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Flynn pleads guilty, is cooperating in Trump-Russia probe

  • FILE - This Feb. 1, 2017, file photo shows then-National Security Adviser Michael Flynn, joined by K.T. McFarland, then-deputy national security adviser, during the daily news briefing at the White House, in Washington. McFarland is an unnamed senior official referred to in the court papers filed in the Flynn case. She was involved in a discussion with Flynn about what he would say to Russian government officials in response to U.S. sanctions imposed on Russia last year. (AP Photo/Carolyn Kaster, File) Carolyn Kaster

  • Former Trump national security adviser Michael Flynn leaves federal court in Washington on Friday. Flynn pleaded guilty to making false statements to the FBI, the first White House official to make a guilty plea so far in Robert Mueller’s investigation. AP

  • FILE - In this Friday, Aug. 11, 2017 file photo, White House senior adviser Jared Kushner listens to President Donald Trump at Trump National Golf Club in Bedminster, N.J. A member of Trump's transition team says Kushner is the "very senior transition official" referenced in court papers filed in the Michael Flynn case. (AP Photo/Pablo Martinez Monsivais, File) Pablo Martinez Monsivais

  • Former Trump national security adviser Michael Flynn arrives at federal court in Washington, Friday, Dec. 1, 2017. Court documents show Flynn, an early and vocal supporter on the campaign trail of President Donald Trump whose business dealings and foreign interactions made him a central focus of Mueller's investigation, will admit to lying about his conversations with Russia's ambassador to the United States during the transition period before Trump's inauguration. (AP Photo/Susan Walsh) Susan Walsh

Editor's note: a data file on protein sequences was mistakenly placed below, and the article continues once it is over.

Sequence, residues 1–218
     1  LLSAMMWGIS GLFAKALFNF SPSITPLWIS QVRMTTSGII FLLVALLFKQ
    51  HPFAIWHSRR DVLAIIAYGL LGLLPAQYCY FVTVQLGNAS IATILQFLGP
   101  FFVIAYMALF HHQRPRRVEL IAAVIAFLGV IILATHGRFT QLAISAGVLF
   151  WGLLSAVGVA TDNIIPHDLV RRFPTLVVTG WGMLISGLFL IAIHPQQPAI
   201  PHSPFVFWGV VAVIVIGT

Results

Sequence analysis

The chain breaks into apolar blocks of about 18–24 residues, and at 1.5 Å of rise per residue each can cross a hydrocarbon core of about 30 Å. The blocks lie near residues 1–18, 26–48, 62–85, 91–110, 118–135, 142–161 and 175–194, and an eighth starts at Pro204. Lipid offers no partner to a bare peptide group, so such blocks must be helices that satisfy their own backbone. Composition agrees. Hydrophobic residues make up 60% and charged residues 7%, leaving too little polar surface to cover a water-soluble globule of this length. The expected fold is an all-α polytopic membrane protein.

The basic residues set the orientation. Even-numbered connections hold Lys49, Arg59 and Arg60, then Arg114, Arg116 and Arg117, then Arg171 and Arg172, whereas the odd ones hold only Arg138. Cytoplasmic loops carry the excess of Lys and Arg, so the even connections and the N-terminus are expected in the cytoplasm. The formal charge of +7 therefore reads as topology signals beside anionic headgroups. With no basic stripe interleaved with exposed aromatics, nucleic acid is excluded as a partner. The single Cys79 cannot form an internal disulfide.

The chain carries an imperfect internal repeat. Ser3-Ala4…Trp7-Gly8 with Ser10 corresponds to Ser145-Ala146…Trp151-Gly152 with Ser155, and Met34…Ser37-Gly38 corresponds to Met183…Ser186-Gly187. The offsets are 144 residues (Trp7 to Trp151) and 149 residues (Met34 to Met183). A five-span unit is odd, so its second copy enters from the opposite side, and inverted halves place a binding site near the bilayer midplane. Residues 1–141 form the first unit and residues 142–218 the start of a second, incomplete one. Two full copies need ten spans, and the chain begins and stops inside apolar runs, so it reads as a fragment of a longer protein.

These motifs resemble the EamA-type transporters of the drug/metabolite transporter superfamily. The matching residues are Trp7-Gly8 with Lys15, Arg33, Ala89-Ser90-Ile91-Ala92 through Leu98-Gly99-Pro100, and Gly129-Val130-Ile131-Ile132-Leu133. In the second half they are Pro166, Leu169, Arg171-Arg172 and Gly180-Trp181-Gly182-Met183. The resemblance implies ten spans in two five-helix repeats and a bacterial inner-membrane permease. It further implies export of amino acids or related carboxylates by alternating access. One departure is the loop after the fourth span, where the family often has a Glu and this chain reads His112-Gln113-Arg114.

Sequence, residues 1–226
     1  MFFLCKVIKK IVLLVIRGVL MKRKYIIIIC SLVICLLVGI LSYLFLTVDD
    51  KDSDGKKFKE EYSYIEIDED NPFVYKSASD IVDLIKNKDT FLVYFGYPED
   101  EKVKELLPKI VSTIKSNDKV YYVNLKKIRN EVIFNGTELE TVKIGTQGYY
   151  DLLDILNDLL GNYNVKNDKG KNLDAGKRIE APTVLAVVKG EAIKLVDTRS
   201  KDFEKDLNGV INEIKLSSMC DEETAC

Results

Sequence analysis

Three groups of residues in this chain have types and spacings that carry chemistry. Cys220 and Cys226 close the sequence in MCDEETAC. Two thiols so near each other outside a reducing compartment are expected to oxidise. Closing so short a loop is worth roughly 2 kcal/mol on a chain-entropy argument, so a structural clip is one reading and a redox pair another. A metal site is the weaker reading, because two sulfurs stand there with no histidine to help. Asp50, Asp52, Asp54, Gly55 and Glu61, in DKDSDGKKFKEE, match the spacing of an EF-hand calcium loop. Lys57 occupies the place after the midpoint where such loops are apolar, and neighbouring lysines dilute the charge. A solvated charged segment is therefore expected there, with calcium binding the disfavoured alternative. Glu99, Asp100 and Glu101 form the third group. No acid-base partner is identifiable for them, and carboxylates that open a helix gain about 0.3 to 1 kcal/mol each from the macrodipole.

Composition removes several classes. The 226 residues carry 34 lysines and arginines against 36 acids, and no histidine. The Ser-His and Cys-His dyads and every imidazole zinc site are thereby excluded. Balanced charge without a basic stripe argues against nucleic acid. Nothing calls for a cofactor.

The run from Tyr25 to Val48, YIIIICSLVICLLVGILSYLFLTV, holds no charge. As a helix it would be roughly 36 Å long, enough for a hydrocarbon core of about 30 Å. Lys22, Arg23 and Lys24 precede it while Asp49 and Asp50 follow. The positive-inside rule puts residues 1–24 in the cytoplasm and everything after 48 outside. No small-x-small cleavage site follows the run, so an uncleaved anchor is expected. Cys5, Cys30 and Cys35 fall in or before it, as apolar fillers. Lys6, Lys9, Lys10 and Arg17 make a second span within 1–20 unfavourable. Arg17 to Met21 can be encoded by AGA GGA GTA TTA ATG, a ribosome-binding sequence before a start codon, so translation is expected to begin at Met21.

• A protestor stands outside federal court in Washington, Friday, Dec. 1, 2017, as former Trump national security adviser Michael Flynn is inside. (AP Photo/Susan Walsh) Susan Walsh

  • Former Trump national security adviser Michael Flynn, center, arrives at federal court in Washington, Friday, Dec. 1, 2017. Court documents show Flynn, an early and vocal supporter on the campaign trail of President Donald Trump whose business dealings and foreign interactions made him a central focus of Mueller's investigation, will admit to lying about his conversations with Russia's ambassador to the United States during the transition period before Trump's inauguration. (AP Photo/Susan Walsh) Susan Walsh

  • FILE - In this March 29, 2017, file photo, then-Deputy National Security Adviser K.T. McFarland speaks at the Women's Empowerment Panel, at the White House in Washington. McFarland is an unnamed senior official referred to in the court papers filed in the Michael Flynn case. She was involved in a discussion with Flynn about what he would say to Russian government officials in response to U.S. sanctions imposed on Russia last year.(AP Photo/Pablo Martinez Monsivais, File) Pablo Martinez Monsivais



Associated Press
Friday, December 01, 2017

Michael Flynn, the retired general who vigorously campaigned at Donald Trump’s side and then served as his first national security adviser, pleaded guilty Friday to lying to the FBI about reaching out to the Russians on Trump’s behalf and said members of the president’s inner circle were intimately involved with – and at times directing – his contacts.

His plea to a single felony count of false statements made him the first official of the Trump White House to be charged so far in the criminal investigation by special counsel Robert Mueller. And his action could be an ominous sign for a White House shadowed for the past year by investigations, turning Flynn into a potentially key government cooperator as prosecutors examine whether the Trump campaign and Russia worked together to influence the 2016 presidential election in Trump’s favor.